Even better, rhetoric directed at outsiders could be cloaked in general language about protecting religious freedom, not attacking LGBT rights. Supporters could even invoke Democratic supporters of RFRA like President Clinton and claim that neither RFRA nor its state counterparts had been interpreted to allow discrimination, as Indiana Gov. Pence has tried to do. These claims ignore the fact that it wasn't until last year that the Supreme Court effectively rewrote the language in RFRA so that it was transformed from a shield for religious liberty into a sword against anti-discrimination protections. And previous supporters like President Clinton have made clear their opposition to this year's state RFRA proposals.
Under pressure, the neutral façade of recent state RFRA proposals has crumbled. When pushed to amend a state RFRA proposal in Georgia to make clear that it could not be used against anti-discrimination ordinances, a Georgia legislator admitted that one of the reasons for the bill was to allow it to be invoked by the small business owner who had religious objections to providing services to an LGBT couple. And when an amendment was added in the Georgia House Judiciary Committee to state that the RFRA bill was not to be used against discrimination laws, the bill was promptly tabled on March 26, with a supporter stating that the amendment would "gut" the bill.
As of now, the fate of RFRA bills in Georgia and elsewhere is uncertain and Gov. Pence has asked the legislature for an amendment to "clarify" that Indiana's RFRA law cannot be used to deny services to anyone. That would be a welcome step - one that flies in the face of the clear intent of some of the bill's backers, which was clearly to enshrine such a "right" for Indiana businesses. Language has been adopted elsewhere to make clear that state RFRAs cannot be used against anti-discrimination bills; such a provision is currently in Texas' RFRA, although there is a proposal to remove it. Before Hobby Lobby, such language might not have been necessary. After Hobby Lobby, it is crucial.
While likely presidential candidates chase billionaires they hope will bankroll their campaigns, activists in states across the country are ramping up a very different kind of campaign: grassroots organizing to restore some common sense to the rules governing money in elections. In March alone, we’ve seen significant victories in the movement to get big money out of politics.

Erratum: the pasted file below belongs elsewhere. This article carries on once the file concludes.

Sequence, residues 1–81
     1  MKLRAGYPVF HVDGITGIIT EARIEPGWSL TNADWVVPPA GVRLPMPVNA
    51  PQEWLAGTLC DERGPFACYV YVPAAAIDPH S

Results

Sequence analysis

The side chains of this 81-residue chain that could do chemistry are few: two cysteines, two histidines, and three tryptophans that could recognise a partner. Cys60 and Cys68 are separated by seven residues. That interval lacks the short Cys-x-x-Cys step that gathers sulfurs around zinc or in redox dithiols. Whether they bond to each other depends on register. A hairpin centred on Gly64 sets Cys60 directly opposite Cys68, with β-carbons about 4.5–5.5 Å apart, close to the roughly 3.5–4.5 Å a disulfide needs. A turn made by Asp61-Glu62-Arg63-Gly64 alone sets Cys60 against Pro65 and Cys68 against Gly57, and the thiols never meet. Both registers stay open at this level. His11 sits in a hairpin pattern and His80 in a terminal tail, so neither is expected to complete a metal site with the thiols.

Last week, following sustained advocacy by PFAW activists and allies, the New Hampshire Senate unanimously passed a bill in favor of a constitutional amendment to overturn cases like Citizens United v. FEC. If it passes in the House, New Hampshire will become the 17th state calling for an amendment. PFAW’s New Hampshire Campaign Coordinator Lindsay Jakows, who has been leading our on-the-ground effort in the state, said the vote shows that “our state senators are listening to, and responding to, the voices of their constituents.” And after passing 67 town resolutions in support of an amendment – including 11 just this month – the voices of New Hampshire constituents on this issue are crystal clear.
On the other side of the country, local leaders in Washington and Montana are also making important strides. Earlier this month, Washington’s state Senate unanimously passed a disclosure bill that would expose the spending of some of the largest political donors. PFAW activists in the state made calls to their senators, urging them to vote for the bill to strengthen transparency in Washington’s politics. And in Montana a disclosure bill that would help shine a light on “dark money” in state elections passed in the state House this weekend following calls from PFAW activists.
All of these victories share the same core ingredient: people power.
The sustained drumbeat of calls and emails from local advocates, which led to important wins in three states just this month, show what’s possible when grassroots leaders organize to take their democracy back from corporations and billionaires.